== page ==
In his usual dynamic fashion, Charlie Harary in one of his lectures delivered a magical message that pinpointed the subtle and nuanced relationship we all have with God.

Harary mentioned the Rashi regarding Yosef HaTzaddik which brings down that when Yosef was sold to the Yishmaelim traveling to Mitzrayim, the wagon contained pleasant-smelling spices. Harary asked a powerful question: namely, how does this seeming bit of minutiae play into the greater narrative of a rage-driven sale by the brothers and ultimate unfolding of events in Egypt?

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Before providing his answer, it’s worthwhile to investigate the nature of Pesach and what sets it apart from all the other Yomim Tovim, as well as how to understand miracles in general.

I would label Pesach the Yom Tov of the “individual,” and the other regalim as the “collective” Yomim Tovim. Pesach, in its essence and name, means that God individually skipped over our homes, saving our firstborn from death. In contrast, Sukkos saw a collective intervention with the clouds of glory, and Shavuos is all about a collective experience at Har Sinai.

No greater reason exists for the line in the Haggadah that declares: “In every generation we must view ourselves as if we left Egypt ourselves.” Right before we left, we experienced unparalleled individual attention.

There’s a famous Ramban at the end of Parshas Bo that really conveys the fundamental teaching on how to understand miracles. He says, in essence, that every natural occurrence is a (hidden) miracle and should be treated as such. It’s just that God showcased open miracles in our liberation from Mitzrayim and what followed thereafter in order to embed a piercing belief in our souls that opened the gates to a later appreciation of all miracles.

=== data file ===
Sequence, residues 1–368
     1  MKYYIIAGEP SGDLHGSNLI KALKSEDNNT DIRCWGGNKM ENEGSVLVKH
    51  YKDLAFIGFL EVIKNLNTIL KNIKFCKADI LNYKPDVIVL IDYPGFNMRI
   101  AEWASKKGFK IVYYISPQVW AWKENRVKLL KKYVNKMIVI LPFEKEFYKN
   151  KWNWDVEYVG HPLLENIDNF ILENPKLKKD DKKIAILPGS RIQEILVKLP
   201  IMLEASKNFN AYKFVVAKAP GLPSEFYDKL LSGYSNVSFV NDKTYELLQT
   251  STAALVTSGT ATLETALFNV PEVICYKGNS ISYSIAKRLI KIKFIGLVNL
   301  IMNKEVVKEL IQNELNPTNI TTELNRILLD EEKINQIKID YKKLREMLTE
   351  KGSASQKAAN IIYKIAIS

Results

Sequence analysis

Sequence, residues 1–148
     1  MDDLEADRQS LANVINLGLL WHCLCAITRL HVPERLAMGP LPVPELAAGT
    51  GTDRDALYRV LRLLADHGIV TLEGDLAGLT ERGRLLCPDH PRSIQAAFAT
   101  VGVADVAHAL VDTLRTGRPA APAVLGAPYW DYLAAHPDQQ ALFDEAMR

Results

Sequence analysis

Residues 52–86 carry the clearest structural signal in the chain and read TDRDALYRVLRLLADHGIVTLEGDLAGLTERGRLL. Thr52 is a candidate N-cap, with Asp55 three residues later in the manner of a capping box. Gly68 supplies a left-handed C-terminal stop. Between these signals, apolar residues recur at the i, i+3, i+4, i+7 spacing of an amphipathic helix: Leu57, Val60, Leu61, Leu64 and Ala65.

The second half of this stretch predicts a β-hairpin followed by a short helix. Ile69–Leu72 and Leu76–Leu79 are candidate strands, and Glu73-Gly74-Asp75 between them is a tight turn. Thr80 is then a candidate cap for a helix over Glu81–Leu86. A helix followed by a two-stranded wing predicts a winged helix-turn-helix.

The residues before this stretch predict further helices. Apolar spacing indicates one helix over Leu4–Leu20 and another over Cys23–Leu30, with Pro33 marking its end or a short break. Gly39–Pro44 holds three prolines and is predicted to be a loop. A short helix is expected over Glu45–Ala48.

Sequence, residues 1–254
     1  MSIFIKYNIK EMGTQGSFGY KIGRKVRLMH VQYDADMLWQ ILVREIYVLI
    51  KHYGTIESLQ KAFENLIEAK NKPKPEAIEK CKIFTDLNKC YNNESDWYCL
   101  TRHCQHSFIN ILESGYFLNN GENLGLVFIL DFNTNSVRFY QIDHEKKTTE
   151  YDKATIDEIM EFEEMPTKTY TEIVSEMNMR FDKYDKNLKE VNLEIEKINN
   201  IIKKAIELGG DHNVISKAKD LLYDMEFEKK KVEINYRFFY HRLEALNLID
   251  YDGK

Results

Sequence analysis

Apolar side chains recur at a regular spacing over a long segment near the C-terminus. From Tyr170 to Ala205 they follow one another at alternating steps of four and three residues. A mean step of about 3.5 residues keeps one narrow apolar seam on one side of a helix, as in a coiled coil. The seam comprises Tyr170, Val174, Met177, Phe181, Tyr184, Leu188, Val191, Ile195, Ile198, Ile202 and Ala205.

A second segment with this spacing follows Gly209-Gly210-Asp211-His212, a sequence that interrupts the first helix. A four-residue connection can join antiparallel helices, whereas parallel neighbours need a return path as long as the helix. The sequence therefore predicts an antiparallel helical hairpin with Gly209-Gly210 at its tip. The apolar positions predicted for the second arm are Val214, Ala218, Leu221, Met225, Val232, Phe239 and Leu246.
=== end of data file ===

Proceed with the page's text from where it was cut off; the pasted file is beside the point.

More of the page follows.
In his lecture, Harary added the final majestic layer of how to internalize our relationship with the Creator. Returning to the original question of the spices, he explained that God was sending a subliminal message to Yosef, who had just endured a lone battle against his mighty brothers. To that end God infused a pleasant smell in the wagon to let Yosef know in nuanced fashion that He was with him.

Many years ago I was looking for an apartment and finally found a reasonable deal. The rent was $900 a month, so with an extra month’s rent and security a total of $2,700 was required to secure the apartment. That $2,700 was a number that rang in my mind and I wondered how I would hit that amount. I vaguely remembered that I was due some salary and a bonus from my previous job, but wasn’t sure about the precise figure I was to receive. It turned out I got a check of just about $2,700. This was my “spice of life” incident.

There’s no doubt that every person experiences these “spice of life” moments on a continual basis. Such moments are symbolic of a nuanced and personal relationship with a personal God who is trying to constantly enrich our lives with subtlety and thoughtfulness and assure us that we are moving in the right direction.

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Steven Genack is the author of the forthcoming “Articles, Anecdotes and Insights: Genack/Genechovsky Torah” (Gefen). He is the founder and editor of the website Aish Haolam (www.aishhaolam.com).